Design examiners have access to the same two search clients used by utility examiners, both of which provide text and image search and display capabilities. One is a browser-based client called WEST (Web-based Examiner Search Tool); the other is a coded client called EAST (Examiner Automated Search Tool). WEST is designed for ease of use and rapid deployment of new functionality. EAST has a more complex interface, designed for greater user customization, more rapid retrieval of images, and greater use of the keyboard. Through these search clients, all USPTO patent examiners have access to full U.S. patent images from 1790 and full U.S. patent text search from 1920. The 1920-1970 segment of the U.S. database is the U.S. Patents OCR database. Access to another segment of the U.S. Patents OCR database covering the period from 1790 to 1919 has not been planned. Since the introduction of U.S. Published Applications in March 2001, the full text and images of these documents have been made available. Also available are the contents of the First Page DataBase (FPDB) project, IBM Technical Disclosure Bulletins, and Derwent World Patents Index (WPI). The FPDB consists of the English-language Patent Abstracts of Japan (PAJ) from 1976, and five European Patent Office (EPO) member states (EP patent documents, France, Germany, Great Britain and Switzerland), and WIPO patent documents (PCT Publications), from 1978. Additionally, examiners have access to full patent document images from 1920 for these same intellectual property authoring countries and organizations. The addition of full English-language text of EPO documents and full patent document images for additional intellectual property countries and organizations is planned.
The full text search databases for US Patents and Published Applications migrated to using the International Common Element (ICE) Red Book for Patent Grant Data/XML and Patent Application Data/XML publication format as the input source content in 2006.
In 2008, implementation of the Middle Tier Phase 3 project was completed providing a multi-tiered application to improve the scalability and the performance of the BRS search system. Phase 3 enables data to be distributed across servers for better process management and system utilization. An addition of a new Superdome server also increases the performance to support the demands of more users and data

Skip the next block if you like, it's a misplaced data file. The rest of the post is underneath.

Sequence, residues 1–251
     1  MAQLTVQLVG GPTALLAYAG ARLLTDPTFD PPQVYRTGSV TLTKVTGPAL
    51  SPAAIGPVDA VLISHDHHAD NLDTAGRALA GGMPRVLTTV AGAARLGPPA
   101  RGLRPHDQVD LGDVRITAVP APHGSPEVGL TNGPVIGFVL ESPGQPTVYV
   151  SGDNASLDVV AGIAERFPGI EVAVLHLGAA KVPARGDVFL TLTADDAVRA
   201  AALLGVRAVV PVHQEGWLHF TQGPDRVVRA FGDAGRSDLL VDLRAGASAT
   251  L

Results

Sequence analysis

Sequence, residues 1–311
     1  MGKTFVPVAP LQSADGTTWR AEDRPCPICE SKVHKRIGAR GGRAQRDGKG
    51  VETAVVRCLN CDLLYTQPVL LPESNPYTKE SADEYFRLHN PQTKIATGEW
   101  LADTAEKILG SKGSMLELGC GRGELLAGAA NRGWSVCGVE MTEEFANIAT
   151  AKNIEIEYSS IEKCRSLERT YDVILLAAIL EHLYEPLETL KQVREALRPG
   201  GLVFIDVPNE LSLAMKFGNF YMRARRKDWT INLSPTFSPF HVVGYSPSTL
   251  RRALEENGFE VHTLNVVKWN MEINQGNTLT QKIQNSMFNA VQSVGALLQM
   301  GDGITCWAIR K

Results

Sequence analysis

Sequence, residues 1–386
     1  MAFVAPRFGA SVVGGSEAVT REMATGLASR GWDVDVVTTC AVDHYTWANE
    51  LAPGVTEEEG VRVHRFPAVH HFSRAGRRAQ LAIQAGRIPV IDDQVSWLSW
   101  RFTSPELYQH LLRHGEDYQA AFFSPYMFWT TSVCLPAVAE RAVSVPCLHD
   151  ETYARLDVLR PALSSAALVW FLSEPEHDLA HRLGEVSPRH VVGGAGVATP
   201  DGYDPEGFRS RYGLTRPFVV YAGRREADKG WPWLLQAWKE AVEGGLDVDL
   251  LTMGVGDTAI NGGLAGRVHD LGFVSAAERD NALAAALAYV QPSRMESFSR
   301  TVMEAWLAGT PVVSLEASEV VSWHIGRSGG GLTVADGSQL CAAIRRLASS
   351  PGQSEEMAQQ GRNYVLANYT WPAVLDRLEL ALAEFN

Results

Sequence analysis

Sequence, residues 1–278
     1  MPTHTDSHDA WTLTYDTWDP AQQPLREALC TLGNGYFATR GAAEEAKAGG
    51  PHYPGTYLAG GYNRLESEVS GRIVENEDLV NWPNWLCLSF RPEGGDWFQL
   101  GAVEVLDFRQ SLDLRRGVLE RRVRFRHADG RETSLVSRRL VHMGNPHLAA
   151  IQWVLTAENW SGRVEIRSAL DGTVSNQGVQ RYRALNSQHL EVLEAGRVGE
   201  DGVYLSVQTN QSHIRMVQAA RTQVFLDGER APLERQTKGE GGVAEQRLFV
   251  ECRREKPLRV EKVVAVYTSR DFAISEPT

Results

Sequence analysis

In 2008 the USPTO began the development on the Unpublished Patent Application Data (UPAD). The USPTO is processing newly filed patent applications to create text and image files similar to the existing Pre-Grant Publication format. The Patent applications are scanned as TIFF images into the Image File Wrapper repository, exported for OCR processing, and data entry resulting in XML Red Book text file and Yellow Book 2 TIFF image file of the unpublished patent applications. The XML Red Book file will be amended throughout the patenting process. The unpublished patent application text and image files are currently being loaded into SCORE for use by the patent examiners. At the completion of the UPAD project, the U.S. Patent Examination Corps will be able to search on unpublished patent application text and retrieve images within 45 days after receipt of an application through EAST and WEST - a major improvement on the current 18-month publication cycle.
Derwent XML implementation Phase 1 was completed in 2008. This included International Patent Classification Reform (IPCR) data for the Derwent abstracts, and involved the change over from subscriber format to full XML, data load and client display changes to EAST and WEST.
Preliminary efforts on the IP5 Foundation project started late 2008. Documents to support the two foundation projects that USPTO leads were created and circulated among the IP5 offices for review and comment, as well as preparation for the January 2009 IP5 Offices meeting hosted by USPTO.
III. Matters concerning classifying, reclassifying and indexing of industrial design information according to the classification systems applied
Classification and reclassification activities; Classification system used, e.g., International Classification for Industrial Designs (Locarno Classification), other classification (please indicate whether industrial designs are classified by your Office and, if so, which classification is used)
All U.S design patents that issued between 1970-1984 and from 1997 onward have a Locarno International Classification designation. All U.S. design patents have U.S. Patent Classification designations. The EAST and WEST search systems available within the USPTO and at selected Patent and Trademark Depository Libraries provide the capability for searching US design patent documents by both either US and Locarno classification designation.
The USPTO maintains a concordance between the United States Patent Classification System and the Locarno International Classification System, 8th edition. This concordance is updated to reflect new subclasses established in the design patent search file as part of the reclassification of US design patent documents. The USPC Index is also updated to reflect new subclasses established as part of the reclassification of US design patent documents.
USPTO actively participates with the Locarno community as an observer at the Locarno Committee of Experts meetings, and is currently a member of the Pilot Working Group on Visual Indicators, which is attempting to enhance search of Industrial Design documents through the use of tagged visual indicators. USPTO has made several proposals to the Locarno community to further enhance the Industrial Design search experience, including the creation of a database for the world’s Industrial Design documents, and the creation of new Locarno classes devoted design aspects common to all Industrial Designs. Through these special aspect classes USPTO hopes to reduce duplicate subclasses within some design classes while making classification a more efficient search tool in all classes.